1. Yes, but some days it’s hard! Today is one of them, but I still kept going. I don’t want to edit until I’m done, but today I had to go back to at least put all of the chapters and pieces together in order to be able to see the whole document.

      This experience is giving me a totally new appreciation for what writers go through!


  3. that failed to connect to finer details through timely debriefing, elucidated further vide the analogy of photographic lens. May the work in progress swiftly advance to its successful conclusion…best wishes.

    Liked by 1 person

    1. It is such a fascinating journey into the past to see who I was then, Raj, and consider what I saw and what I missed. Yet I’ve discovered what a momentous project it will be to see this through to completion…


  4. Carol, thank you for sharing this excerpt! I’ve always loved your blog voice and it feels the same in your book. I so look forward to reading it when you’re finished. You have such an ability for introspection. When I was writing my book, editors had to keep drilling into me than I had to bring out the VOE (voice of experience) as it was difficult to separate myself from my VOI (voice of innocence). You do a fabulous job at this. But that perfectionist in you-inner critic–will bark away that it’s not quite right. Don’t you believe it! I just feel crazy proud of you! ❤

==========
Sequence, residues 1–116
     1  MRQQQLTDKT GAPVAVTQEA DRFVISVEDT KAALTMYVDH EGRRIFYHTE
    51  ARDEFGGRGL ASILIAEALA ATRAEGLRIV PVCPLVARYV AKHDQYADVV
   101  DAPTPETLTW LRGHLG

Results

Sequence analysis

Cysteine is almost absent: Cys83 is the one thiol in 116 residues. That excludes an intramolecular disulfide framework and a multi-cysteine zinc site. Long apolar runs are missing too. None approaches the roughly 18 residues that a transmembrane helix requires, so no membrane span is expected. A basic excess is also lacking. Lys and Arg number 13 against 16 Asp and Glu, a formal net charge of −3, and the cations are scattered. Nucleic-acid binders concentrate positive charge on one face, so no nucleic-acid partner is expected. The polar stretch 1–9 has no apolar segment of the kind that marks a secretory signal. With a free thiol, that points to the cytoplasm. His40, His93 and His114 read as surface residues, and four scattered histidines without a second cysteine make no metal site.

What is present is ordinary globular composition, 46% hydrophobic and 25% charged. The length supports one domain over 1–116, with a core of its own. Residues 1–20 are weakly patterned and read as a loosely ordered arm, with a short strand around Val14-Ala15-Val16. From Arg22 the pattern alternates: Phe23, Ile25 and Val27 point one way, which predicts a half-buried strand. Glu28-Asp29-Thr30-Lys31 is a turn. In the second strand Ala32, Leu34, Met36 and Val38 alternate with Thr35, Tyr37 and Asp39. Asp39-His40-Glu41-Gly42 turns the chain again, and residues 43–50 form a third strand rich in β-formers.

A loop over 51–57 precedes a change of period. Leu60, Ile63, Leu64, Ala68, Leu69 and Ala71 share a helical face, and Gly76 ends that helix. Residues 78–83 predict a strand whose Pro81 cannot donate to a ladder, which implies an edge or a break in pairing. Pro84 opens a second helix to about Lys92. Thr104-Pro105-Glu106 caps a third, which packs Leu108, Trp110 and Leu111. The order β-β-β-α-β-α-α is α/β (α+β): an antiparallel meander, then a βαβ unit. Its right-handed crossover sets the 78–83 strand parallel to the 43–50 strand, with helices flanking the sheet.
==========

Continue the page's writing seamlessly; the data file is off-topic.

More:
Liked by 1 person

    1. Thank you so much for these lovely comments, Mandy, based on your VOE. I’m fiercely proud of you, as well, dear friend – working through the tears, fears, and pain to complete and publish, and now promote, your memoir. I wish I could read it now – but I have 2,000 more words to do to meet my quote today …

      Liked by 1 person

  5. Thanks for a timely reminder on the importance of ‘really’ being in-the-moment. Observation, listening and recording can be an overwhelming task. I only wish that I had been in-the-moment and on task when my parents and grandparents were with us. There is so much I want to know and so many stories that will go untold. But I’m still here and have work to do. Much success on your book. I look forward to following your After rereading your bio in-the-moment, it is clear that our hearts are beating to the same drum–social justice. Blessings to you and yours! 🙂

    Liked by 1 person

    1. I share your feelings about the losing the opportunity to gather stories from past generations, Bette. But I’m grateful that you are sharing your own in such beautiful and powerful ways. Blessings to you, too 🙂